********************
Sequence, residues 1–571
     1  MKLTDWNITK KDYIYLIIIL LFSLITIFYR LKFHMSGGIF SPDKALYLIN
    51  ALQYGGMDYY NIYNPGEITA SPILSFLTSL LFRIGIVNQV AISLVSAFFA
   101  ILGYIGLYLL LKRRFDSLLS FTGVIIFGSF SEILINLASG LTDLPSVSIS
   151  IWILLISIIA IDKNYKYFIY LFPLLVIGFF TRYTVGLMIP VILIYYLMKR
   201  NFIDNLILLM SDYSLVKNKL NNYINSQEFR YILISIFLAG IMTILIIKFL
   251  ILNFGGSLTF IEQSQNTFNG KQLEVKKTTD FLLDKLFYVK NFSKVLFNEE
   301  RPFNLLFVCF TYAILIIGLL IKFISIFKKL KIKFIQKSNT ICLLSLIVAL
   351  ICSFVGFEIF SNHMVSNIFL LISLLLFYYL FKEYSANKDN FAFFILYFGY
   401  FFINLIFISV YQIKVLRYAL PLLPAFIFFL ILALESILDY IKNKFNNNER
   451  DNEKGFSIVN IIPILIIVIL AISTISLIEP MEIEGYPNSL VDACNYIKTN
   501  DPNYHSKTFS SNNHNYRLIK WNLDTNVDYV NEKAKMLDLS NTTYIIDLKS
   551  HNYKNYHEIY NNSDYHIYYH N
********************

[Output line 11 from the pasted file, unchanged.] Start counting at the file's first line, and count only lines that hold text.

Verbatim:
   451  DNEKGFSIVN IIPILIIVIL AISTISLIEP MEIEGYPNSL VDACNYIKTN